I was thinking I should write about the whole marriage prep process, as it's a huuuuge part of the wedding preparation for both John and me. Yes, it's true that there's a lot of physical stuff to prepare for the marriage during our engagement (e.g. dress, tux, flowers, decorations, reception venue, cake, hotels, etc.), but more important than any of this is the preparation of ourselves spiritually and emotionally. We're both in this for a lifetime, so we have to make sure we're ready for that come the big day more than anything else.
On Saturday, we arrived at the St. Vincent de Paul Parish Center around noon to take the FOCCUS test - a 156-question pre-marriage inventory. After bride and groom take the test (separately), the scantron-like answer sheets are shipped off, analyzed somewhere by some computer system, and sent back to be reviewed by priest and couple. Well, we haven't gotten our results yet, but look forward to seeing them. The test has questions that cover a variety of categories including lifestyle expectations, personality match, communication, religion and values, parenting, sexuality, marriage readiness, key problem indicators, and family origin.
To take the test, you read each statement and either mark agree, disagree, or uncertain, depending on your personal feelings towards each statement. Here are some sample statements from the test (taken directly from U.S. Catholic Bishop's website):
- We are in agreement about the husband and wife roles each of us expects of the other in our marriage relationship.
- There are qualities about my future spouse that I do not respect.
- We have discussed the ways our families solved problems and how this may affect our problem solving.
- We disagree with each other over some teachings of the church.
- My future spouse and I are open to having children.
- I am concerned that in-laws may interfere in our marriage relationship.
- My future spouse and I can talk about our sexual fears, hopes and preferences.
- We are in agreement about how we will make financial decisions between us.
- I sometimes feel that this may not be the right person for me to marry.
- My future spouse and I agree that our marriage commitment means we intend to pledge love under all circumstances.
After answering 156 questions of that nature, you can imagine that you have quite a bit to discuss with your future-spouse. Well, John and I spent most of the rest of the day chatting about how we answered the questions, how we thought each other would have answered certain questions, and began to go over some of the topics we had never discussed before (mainly financial stuff). It was great! And that's the true purpose of the test anyway - it's not to tell you whether or not you should be getting married to this person, it's to get you talking about the big ticket marriage items before you sign up for a lifetime of marriage.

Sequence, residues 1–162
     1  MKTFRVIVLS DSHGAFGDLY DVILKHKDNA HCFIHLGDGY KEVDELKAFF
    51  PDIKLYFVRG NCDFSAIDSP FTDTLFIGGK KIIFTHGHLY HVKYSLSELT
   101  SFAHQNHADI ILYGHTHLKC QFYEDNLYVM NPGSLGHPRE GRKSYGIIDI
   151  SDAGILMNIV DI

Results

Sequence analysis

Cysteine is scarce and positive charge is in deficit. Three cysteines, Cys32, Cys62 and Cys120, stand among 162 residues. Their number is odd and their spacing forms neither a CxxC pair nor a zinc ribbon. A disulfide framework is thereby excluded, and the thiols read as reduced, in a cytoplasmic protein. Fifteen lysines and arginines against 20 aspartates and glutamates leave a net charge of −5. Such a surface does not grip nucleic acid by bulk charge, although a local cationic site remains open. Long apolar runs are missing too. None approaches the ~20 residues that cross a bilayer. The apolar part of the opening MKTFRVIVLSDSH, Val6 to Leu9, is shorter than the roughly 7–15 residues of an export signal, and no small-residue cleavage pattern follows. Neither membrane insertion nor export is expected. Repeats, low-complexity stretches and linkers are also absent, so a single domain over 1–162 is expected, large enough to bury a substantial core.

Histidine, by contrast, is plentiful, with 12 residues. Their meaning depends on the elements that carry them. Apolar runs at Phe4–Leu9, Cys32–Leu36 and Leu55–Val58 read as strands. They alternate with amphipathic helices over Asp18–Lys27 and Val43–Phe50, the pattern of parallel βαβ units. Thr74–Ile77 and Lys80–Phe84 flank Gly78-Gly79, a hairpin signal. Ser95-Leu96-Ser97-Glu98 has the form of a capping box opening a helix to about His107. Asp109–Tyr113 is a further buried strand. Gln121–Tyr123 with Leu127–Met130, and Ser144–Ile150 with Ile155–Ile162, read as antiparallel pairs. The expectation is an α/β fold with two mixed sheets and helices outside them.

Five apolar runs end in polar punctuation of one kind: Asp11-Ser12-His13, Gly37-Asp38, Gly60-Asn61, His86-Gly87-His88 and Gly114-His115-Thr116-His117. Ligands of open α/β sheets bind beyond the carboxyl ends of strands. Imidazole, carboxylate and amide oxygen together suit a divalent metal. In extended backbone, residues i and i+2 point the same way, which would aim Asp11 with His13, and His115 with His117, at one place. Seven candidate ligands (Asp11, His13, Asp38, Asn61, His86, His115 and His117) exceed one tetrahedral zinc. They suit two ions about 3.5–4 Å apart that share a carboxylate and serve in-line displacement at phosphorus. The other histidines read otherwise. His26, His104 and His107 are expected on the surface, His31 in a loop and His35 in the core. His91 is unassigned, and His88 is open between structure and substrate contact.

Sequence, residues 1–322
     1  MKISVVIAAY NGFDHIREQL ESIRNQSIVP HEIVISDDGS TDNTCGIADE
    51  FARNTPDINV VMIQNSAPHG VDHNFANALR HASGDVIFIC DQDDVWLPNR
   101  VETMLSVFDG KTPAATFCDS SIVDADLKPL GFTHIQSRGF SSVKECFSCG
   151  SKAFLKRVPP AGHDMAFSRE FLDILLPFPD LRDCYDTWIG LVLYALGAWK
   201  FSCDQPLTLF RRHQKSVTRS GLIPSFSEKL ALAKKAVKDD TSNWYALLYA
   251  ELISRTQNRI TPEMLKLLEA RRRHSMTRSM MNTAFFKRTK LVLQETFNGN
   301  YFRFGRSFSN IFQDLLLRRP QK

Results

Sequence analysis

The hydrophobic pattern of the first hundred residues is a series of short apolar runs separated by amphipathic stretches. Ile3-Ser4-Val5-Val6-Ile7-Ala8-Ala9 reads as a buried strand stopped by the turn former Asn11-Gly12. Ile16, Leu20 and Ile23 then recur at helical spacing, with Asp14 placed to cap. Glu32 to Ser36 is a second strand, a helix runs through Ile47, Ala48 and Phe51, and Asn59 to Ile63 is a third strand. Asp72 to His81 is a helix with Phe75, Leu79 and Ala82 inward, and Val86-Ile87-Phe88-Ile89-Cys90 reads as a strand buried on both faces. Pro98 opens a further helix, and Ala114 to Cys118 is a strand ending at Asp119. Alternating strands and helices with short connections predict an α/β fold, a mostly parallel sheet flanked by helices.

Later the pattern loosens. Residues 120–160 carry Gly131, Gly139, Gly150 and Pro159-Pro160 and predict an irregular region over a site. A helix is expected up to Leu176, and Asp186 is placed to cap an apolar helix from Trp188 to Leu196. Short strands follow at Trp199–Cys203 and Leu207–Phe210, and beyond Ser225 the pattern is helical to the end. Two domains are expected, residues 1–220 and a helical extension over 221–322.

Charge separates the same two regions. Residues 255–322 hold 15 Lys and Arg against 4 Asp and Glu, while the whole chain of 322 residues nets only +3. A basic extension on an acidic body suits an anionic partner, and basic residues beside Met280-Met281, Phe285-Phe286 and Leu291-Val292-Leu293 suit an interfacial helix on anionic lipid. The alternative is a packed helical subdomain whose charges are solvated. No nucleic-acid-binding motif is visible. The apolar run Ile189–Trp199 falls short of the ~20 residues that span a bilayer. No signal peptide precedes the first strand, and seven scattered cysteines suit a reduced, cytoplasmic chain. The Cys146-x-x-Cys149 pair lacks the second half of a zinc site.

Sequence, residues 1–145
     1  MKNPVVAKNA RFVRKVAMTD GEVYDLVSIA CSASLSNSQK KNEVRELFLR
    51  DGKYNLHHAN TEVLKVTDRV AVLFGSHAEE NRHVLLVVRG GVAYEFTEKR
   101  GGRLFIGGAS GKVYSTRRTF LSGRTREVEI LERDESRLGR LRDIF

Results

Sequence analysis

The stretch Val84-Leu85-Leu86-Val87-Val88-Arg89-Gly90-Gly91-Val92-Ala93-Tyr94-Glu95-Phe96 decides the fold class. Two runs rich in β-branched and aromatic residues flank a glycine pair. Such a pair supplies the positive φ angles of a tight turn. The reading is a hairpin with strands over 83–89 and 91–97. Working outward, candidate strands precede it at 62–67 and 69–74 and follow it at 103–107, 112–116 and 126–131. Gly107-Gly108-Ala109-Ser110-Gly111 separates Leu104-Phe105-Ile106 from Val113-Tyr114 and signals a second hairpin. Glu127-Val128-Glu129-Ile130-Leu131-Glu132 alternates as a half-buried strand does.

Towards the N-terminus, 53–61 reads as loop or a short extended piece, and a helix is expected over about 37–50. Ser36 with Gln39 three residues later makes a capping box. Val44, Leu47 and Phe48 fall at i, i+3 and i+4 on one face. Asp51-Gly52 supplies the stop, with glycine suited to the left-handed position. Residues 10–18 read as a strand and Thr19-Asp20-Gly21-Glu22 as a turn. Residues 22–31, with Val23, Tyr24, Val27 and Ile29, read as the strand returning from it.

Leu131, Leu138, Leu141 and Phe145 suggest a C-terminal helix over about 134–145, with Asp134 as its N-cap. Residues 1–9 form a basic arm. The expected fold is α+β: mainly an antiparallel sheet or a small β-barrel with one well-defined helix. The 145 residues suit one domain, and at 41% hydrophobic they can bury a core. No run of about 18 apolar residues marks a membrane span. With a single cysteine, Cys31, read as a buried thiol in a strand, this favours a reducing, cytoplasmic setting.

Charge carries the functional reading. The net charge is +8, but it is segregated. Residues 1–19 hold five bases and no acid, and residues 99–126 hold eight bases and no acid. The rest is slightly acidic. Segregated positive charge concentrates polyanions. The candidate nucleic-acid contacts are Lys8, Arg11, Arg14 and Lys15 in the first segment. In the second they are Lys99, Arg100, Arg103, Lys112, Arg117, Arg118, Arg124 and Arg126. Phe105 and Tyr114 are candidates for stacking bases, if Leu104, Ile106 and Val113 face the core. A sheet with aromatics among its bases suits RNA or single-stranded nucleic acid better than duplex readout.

So in a few weeks, we'll be getting our results and sitting down with a priest to discuss them. When the tests are analyzed, it gives you percentages based on how well you matched in each one of the major categories. If we don't match on some of the questions (which we've probably already discussed anyway), those questions get flagged by the test analyzing system and topics of discussion are printed out with the test based on the non-matchy stuff.
Also, after the new year, we're going to be meeting with a sponsor couple. This well-established Catholic couple will be meeting with us 5 times to discuss all the topics that we briefly encountered on the FOCCUS test. They'll even meet with us a few months after the wedding to check in with us. We're looking forward to having this relationship with another Catholic couple in Houston, to see us through some of the most important months of our courtship :)
And I'll leave you with a hilarious story that involves a friend-couple of ours who went through the same marriage prep process as us before they were married. The groom of the couple, nicknamed D, encountered the statement on the FOCCUS test, "I have a problem with the amount of alcohol my future spouse consumes," and thought it would be funny to answer "agree," in that he wished she would drink more. Well, the bride, nicknamed V, did not think that this was funny. And V reeeeally didn't think it was funny when the priest who reviewed the test with them kept questioning her about her drinking problems.
Oh, how fun it is to play little tricks on your future spouse, especially when a priest is involved.